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Sensitivity of Floral Shoot Growth, Fruit Set and Early Fruit Size in Actinidia deliciosa to Local Carbon Supply

G. J. PILLER, A. J. GREAVES and J. S. MEEKINGS
Annals of Botany
Vol. 81, No. 6 (June 1998), pp. 723-728
Published by: Oxford University Press
Stable URL: http://www.jstor.org/stable/42765745
Page Count: 6
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Sensitivity of Floral Shoot Growth, Fruit Set and Early Fruit Size in Actinidia deliciosa to Local Carbon Supply
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Abstract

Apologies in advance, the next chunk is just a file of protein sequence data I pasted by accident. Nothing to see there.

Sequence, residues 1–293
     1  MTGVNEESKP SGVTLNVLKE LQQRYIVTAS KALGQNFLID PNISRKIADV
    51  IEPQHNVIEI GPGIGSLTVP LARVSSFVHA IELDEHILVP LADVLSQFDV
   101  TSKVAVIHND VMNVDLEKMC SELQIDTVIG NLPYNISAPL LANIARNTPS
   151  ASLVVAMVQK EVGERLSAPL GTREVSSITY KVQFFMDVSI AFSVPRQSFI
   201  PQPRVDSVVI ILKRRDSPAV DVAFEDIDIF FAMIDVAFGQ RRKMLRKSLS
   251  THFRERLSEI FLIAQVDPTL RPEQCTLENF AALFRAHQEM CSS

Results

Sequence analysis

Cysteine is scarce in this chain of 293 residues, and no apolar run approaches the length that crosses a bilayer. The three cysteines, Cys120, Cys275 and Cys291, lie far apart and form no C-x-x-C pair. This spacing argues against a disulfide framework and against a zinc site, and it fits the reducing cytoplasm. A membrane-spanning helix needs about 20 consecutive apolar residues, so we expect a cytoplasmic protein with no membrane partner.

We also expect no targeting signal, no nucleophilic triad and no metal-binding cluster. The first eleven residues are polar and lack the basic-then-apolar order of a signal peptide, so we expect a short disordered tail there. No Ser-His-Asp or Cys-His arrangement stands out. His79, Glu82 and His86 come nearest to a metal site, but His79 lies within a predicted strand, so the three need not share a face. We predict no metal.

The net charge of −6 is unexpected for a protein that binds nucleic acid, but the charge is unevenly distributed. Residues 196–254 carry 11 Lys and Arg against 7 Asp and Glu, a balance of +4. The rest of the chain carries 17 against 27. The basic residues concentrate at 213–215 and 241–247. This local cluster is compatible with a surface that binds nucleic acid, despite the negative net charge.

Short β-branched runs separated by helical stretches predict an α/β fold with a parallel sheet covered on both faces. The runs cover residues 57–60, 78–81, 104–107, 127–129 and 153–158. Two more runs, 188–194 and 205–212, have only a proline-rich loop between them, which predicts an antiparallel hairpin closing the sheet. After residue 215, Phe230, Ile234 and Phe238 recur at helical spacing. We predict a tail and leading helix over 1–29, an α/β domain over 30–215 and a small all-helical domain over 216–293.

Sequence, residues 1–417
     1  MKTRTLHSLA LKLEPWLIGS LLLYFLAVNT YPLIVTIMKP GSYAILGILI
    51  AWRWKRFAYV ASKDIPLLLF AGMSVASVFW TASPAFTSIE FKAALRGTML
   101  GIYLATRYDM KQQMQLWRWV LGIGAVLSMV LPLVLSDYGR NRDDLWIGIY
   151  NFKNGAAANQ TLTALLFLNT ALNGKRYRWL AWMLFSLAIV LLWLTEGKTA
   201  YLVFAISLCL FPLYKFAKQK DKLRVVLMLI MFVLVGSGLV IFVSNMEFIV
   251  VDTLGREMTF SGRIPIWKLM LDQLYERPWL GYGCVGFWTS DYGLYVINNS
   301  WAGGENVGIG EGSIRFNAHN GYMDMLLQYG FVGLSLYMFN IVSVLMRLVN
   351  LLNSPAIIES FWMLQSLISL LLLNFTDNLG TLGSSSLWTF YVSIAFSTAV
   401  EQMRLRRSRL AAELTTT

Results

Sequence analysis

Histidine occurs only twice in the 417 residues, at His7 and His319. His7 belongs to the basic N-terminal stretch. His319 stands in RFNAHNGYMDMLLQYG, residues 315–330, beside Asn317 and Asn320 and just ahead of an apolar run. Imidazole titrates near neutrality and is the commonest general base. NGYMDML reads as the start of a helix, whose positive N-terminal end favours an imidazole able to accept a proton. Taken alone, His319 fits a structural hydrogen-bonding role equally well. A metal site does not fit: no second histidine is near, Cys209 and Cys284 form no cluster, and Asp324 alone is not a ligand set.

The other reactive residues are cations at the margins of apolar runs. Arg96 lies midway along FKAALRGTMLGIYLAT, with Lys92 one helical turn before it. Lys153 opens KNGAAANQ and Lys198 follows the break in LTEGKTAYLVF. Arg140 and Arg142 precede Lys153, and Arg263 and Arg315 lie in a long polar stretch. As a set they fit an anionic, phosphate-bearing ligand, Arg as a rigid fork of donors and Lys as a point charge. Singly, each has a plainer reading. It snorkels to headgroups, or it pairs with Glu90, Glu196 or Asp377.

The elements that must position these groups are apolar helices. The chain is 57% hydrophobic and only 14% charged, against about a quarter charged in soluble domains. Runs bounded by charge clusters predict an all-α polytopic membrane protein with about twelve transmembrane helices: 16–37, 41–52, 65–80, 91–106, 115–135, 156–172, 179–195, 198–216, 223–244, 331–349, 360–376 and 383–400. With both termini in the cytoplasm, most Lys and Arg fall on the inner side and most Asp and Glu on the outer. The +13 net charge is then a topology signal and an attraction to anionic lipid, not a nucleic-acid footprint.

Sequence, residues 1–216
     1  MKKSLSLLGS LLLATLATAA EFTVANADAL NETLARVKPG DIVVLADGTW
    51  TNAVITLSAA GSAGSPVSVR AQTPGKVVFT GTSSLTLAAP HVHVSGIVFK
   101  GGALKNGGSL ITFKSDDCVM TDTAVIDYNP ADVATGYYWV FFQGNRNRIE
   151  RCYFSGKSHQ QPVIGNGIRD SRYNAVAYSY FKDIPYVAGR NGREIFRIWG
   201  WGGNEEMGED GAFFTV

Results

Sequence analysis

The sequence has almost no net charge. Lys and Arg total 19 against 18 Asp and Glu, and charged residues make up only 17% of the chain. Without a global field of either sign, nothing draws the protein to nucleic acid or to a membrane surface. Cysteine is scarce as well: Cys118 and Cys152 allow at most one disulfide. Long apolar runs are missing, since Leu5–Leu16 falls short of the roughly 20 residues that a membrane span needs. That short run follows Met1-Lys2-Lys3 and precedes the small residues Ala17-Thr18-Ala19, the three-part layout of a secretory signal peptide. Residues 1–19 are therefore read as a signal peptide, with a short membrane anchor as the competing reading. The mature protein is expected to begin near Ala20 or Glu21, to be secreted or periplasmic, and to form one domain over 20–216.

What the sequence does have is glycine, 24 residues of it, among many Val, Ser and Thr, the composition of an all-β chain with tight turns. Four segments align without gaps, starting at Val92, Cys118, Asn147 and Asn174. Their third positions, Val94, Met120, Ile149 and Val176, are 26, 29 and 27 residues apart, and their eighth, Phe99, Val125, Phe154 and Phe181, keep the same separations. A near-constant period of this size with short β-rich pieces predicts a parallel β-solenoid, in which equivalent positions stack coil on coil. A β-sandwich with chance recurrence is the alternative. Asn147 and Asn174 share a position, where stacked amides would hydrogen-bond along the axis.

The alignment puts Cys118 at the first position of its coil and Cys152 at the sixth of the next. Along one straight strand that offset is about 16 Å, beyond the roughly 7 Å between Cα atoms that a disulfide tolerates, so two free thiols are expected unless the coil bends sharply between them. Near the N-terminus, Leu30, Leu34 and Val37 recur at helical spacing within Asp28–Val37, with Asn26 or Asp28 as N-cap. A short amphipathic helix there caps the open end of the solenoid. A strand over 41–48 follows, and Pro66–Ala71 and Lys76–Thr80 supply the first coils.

The sensitivity of pre-anthesis shoot growth, fruit set and early fruit size in kiwifruit [Actinidia deliciosa (A. Chev.) C. F. Liang et A. R. Ferguson] to cane girdling and defoliation treatments was tested, and the results discussed in terms of shoot carbon balance. The nature and degree of responses obtained was dependent on the time of application. When treatments were applied soon after budbreak, defoliation initially reduced growth, whereas increasingly severe girdling treatments induced responses progressing from stimulation to severe impairment of growth and photosynthetic capability. Similar treatments imposed later in shoot development produced qualitatively different results. The development of floral tissues on the shoot is shown to be sensitive to shoot carbon status during a period close to anthesis, and the significance of this result in relation to fruit heterogeneity at maturity is discussed.

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